At each citywide community meeting, we are working to inform and engage the community in a unique way. We’ve created an interactive community meeting with the goal of informing the public while getting their feedback on the proposal and engaging with them to improve it.
After each meeting, we will publish notes from our team on key areas of discussion. They will not have the context of the speaker or subject, but will, we think help inform the online discussion while being transparent about the feedback we are getting– positive, negative, and beyond.
Our Grove Hall meeting began with families sharing their experiences with enrollment. Family members shared that:
- Experience was different for each child– it was easy to enroll one student and difficult for the second
- Signing up for schools required considering a lot of different choices
- Had to do homework before going
- People in the office should be friendlier and help inexperienced people and recent immigrants
- No longer any magnet schools which brought students together
- Easy in a bad way
- Only three schools offered K1 and one of those options is no longer available
- BPS and charter systems were easy
- Catholic schools required money
- There were more choices before the “home-based” system; concerned that this may take away more choice
- Difficult to get child out of a school
- Perspective with a two year old– system appears daunting
- Had to wait; BPS was challenging (some positive)
- Many struggles in getting information
Comments/Question and Answers
Q. How many charter schools would do this?
A. We don’t know yet. The policy could set a threshold– such as 75% of seats– needed for the system to go into effect.
Q. How will this work in areas of the city where there is less capacity for SPED/ELL students and those with high levels of need?
A. Charter schools will be folded into the current BPS system which includes SPED and ELL overlays.
Q. Which charters are opting in?
A. We don’t know yet. This information will be made public.
C. Law needs to change at funding mechanism.
Q. Do my BPS choices remain the same, simply adding local charter schools to the list.
A. Under the existing proposal, your list will include two Tier I BPS schools and two Tier I charter schools. The rest of the list will populate sector-agnostic. Some feedback has been that charter schools should be purely additive. This is something to consider.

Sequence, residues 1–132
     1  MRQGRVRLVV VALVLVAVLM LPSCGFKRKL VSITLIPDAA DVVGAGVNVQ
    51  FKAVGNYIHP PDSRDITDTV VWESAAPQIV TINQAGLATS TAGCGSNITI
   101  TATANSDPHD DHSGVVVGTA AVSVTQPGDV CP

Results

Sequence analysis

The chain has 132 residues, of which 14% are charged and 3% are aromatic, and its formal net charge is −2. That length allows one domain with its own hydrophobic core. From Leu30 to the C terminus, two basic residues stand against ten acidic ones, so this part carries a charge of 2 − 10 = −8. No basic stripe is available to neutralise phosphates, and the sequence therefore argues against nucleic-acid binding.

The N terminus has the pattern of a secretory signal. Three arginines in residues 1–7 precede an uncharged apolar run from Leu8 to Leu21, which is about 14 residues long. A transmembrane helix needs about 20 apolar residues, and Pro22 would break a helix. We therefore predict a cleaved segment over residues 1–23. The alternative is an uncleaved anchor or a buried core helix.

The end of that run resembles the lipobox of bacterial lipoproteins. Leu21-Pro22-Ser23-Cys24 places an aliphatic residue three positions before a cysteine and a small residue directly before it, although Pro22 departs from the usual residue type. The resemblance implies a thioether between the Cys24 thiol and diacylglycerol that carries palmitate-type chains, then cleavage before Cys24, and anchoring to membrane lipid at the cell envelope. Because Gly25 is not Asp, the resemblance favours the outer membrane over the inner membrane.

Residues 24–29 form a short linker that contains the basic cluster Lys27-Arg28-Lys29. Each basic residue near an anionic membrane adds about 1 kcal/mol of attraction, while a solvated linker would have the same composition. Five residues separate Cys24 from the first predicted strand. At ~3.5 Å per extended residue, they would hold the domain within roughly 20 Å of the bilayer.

Q. How can you tell if one school is doing better than another? Which metrics?
A. We do not have an answer to this yet. We are looking to families to explain what defines a “better” school.
C. This seems like we are returning to school segregation. It tells you what schools you can go to based on your address.
A. The home-based system tries to balance quality close to home with equity. It is designed to bring quality choices to all areas. Possible segregation will be addressed by the pending equity analysis.
Q. Is there a plan in motion for high schools?
A. All high schools are currently citywide. This proposal will not address these schools for now.
Q. How quickly would this be implemented?
A. We want to do something for parents, but this takes time to fully develop. The fastest path to approval is by 16/17 for students entering schools in September 2017. We want to have a well fleshed-out proposal by the beginning of the year.
Q. Why might some schools opt-in? Are there any financial restrictions?
A. Schools want to be a part of the Boston community and show that they can and do serve all students.
Q. How much thought has been given to funding the system?
A. Administrative costs are on the table to be considered.
Q. Why change the home-based system when we don’t know if it’s working? What about the new school quality framework?
A. School Committee has voted to delay implementation of the school quality framework for one year. We need more discussions with schools and families. We also want a full equity analysis for the home-based system. Some data is available now, but it will take three years of enrollment for a comprehensive evaluation.
Q. How can we standardize data for all schools?
A. District and charter schools will look at the school quality framework to see which domains they can implement.
Q. Are all charter schools Tier I?
A. No. School tiering is based on quantitative data that is sector agnostic.
C. There needs to be quality Special Education programming across the board, quality BPS schools across the board doing what children need. There needs to be best practice. Let’s focus on that instead of this proposal.
A. School quality is addressed at other Compact tables. This conversation is forcing BPS and charter schools to think about quality, equity, and meeting the needs of all students.
C. I don’t understand why we are doing this. I don’t understand how to do this if all charter s are not a part of it. ELL and SPED has to be equal across the board with charter schools and BPS. School financing and the charter cap are intimately connected– we can’t say it’s not connected to unified enrollment.
A. Financing and the charter cap are part of the context. This does not fix these issues, but we are not being dismissive of that reality. We need citywide collaboration to address financing.
Q. What happens to bus transportation? Kids can be hurt– almost killed– and I don’t want my kid to walk.
A. Adding schools to the system does not address transportation policy. Students outside of the current walk zone are still provided transportation.
C. We need to take a step back and focus on quality and fixing the system. We need to give parents the ability to add their voices. I am scared about these changes. Monitors and bus drivers’ jobs.
C. I am not in favor of this. Level 4 and 5 schools need to be up to standard. We need to fix those schools– and all are the same. If schools are no performing get rid of the staff.
A. Home based system depends on quality increasing.